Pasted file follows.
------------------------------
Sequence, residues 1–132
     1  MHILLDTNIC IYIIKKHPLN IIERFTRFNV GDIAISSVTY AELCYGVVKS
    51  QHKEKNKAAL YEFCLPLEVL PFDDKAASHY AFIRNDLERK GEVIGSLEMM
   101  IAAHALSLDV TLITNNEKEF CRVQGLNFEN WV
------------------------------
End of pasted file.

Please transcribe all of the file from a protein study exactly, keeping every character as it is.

Sequence, residues 1–132
     1  MHILLDTNIC IYIIKKHPLN IIERFTRFNV GDIAISSVTY AELCYGVVKS
    51  QHKEKNKAAL YEFCLPLEVL PFDDKAASHY AFIRNDLERK GEVIGSLEMM
   101  IAAHALSLDV TLITNNEKEF CRVQGLNFEN WV